Kenya is paying a huge price for presiding over the collapse of the cement manufacturing industry as domestic exports dropped by 87 per cent over the last three years.
According to the Kenya National Bureau of Statistics (KNBS), the value of cement exports was Sh877 million in the first quarter of 2017. This has fallen sharply to Sh11 million between January and March this year.
While Kenya was reporting up to 98,824 tonnes of cement in the first quarter of 2017, between January and March this year, this had plummeted 11 times to 9,017 tonnes.
Exports are not the only ticker showing the struggle to cement growth in the sector, with the home front suffering from slowing down of infrastructure projects such as the Standard Gauge Railway and depressed real estate market.
According to Cytonn Investments' half-year real estate market review, the sector recorded subdued performance, with the office and retail sector recording a decline in average yields by 0.3 per cent and 0.8 per cent points, while the residential sector recorded a marginal 0.2 per cent points appreciation in average yields.
“The performance was constrained by oversupply in selected sectors such as the commercial office and retail sectors with a surplus of 5.2mn and 2.0mn SQFT, respectively, as at 2018, and inaccessibility of financing by both developers and off-takers,” Cytonn Investments said.
According to Kenya Bankers Association’s Housing Prices Index for Quarter One, home prices were down 2.78 per cent as a result of a delayed effect of the decline in loans to the construction sector and to home buyers which has cut both supply and demand over the last one and a half years.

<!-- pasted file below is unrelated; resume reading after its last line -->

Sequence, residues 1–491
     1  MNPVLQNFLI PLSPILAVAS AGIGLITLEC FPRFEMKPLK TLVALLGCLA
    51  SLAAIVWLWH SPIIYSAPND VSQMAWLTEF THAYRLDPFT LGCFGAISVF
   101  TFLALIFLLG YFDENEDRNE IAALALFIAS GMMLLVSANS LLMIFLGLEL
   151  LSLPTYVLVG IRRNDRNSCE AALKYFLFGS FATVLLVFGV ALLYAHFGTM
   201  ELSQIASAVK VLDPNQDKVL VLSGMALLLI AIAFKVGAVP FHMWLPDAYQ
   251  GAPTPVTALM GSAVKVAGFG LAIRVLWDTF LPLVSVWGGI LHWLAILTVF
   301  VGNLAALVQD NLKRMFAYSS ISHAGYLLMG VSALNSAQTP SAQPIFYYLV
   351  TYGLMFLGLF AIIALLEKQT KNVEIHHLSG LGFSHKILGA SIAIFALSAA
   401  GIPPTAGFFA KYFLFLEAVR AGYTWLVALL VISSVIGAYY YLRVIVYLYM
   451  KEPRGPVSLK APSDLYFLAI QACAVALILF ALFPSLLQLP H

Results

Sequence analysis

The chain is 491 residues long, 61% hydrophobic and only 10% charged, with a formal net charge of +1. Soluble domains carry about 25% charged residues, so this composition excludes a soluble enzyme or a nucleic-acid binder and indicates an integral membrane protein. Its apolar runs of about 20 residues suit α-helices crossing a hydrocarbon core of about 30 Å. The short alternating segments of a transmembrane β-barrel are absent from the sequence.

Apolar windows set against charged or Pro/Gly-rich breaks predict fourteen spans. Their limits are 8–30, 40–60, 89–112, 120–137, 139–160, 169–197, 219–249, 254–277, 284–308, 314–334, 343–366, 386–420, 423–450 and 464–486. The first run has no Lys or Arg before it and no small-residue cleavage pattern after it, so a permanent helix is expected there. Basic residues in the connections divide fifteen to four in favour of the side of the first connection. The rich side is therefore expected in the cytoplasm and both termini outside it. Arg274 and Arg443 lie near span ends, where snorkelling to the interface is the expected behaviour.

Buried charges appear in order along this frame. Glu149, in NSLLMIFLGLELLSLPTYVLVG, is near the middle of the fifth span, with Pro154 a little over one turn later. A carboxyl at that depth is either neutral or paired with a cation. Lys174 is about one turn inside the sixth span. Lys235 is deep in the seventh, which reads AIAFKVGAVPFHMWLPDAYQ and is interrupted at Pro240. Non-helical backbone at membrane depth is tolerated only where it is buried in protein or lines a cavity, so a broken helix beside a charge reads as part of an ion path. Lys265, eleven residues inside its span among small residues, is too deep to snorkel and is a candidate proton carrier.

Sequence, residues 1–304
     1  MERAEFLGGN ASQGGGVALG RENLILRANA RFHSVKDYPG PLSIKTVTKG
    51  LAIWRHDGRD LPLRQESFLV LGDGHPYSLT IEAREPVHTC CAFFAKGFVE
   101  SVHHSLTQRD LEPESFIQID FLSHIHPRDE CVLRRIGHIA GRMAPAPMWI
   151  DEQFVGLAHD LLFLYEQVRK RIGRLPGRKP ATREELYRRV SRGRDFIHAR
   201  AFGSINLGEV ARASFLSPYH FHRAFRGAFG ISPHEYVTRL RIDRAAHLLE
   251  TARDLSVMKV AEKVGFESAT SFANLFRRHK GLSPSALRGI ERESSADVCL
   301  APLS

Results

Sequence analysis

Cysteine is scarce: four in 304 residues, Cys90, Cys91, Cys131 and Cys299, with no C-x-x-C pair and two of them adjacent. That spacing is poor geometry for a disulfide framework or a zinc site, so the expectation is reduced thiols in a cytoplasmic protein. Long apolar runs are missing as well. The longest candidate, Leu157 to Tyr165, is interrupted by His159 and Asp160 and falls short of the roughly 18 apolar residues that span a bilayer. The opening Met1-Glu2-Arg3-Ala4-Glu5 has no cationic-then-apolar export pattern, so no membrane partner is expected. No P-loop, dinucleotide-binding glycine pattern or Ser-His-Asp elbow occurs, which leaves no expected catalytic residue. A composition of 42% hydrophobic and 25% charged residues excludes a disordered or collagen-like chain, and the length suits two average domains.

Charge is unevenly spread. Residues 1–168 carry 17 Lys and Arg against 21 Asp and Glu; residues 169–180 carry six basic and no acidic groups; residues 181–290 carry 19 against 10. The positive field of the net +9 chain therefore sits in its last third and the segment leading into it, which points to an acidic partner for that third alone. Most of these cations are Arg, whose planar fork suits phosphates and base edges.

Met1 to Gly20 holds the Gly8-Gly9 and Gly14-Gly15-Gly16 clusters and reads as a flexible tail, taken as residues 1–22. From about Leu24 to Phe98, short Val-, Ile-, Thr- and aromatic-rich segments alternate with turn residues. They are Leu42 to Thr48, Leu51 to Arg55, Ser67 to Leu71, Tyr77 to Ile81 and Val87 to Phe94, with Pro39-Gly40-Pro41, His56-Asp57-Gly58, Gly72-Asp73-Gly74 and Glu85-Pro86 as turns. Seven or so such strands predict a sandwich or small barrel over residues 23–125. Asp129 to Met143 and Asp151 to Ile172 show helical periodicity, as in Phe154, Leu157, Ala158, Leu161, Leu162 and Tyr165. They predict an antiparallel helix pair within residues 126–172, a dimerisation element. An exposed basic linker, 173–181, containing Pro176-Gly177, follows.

“This is the third decline since the index base period with the other two instances reported in the last quarter of 2013 and the third quarter of 2014,” said KBA Director of Research and Policy Jared Osoro.
Companies in the cement businesses have been struggling to yield profits with some of the leading producers facing financial turmoil. This has curtailed their ability to produce to capacity.
East Africa Portland Cement, the pioneer cement maker, which was established in 1933 has been operating at half capacity, with some 1.3 million tonnes of raw materials and churning out a paltry 6,000 tonnes of cement.
The cement maker needs Sh2 billion to put its machines back to full production capacity.
Athi River Mining which was put under receivership after it failed to meet its debt payments has been operating at 40 per cent - from a high of 900,000 tonnes of cement making about Sh2 billion annually between 2010 and 2016.
ARM has since been bought by Devki Group which is in line to become the second largest cement maker in Kenya after they acquired the troubled cement maker’s assets for Sh5 billion.
The maker of Simba brand under National Cement subsidiary recently acquired Cemtech which holds limestone and clay deposits, and the requisite licences, in West Pokot County. Limestone and clay are the key input in clinker production.
Kenya National Bureau of Statistics put Bamburi’s market share at 33 per cent followed by Mombasa Cement at 16 per cent, East African Portland Cement Company at 15 per cent and Savannah Cement 15 per cent as at December 2018.
National Cement was at eight per cent while Athi River Mining Africa was at 13 per cent.
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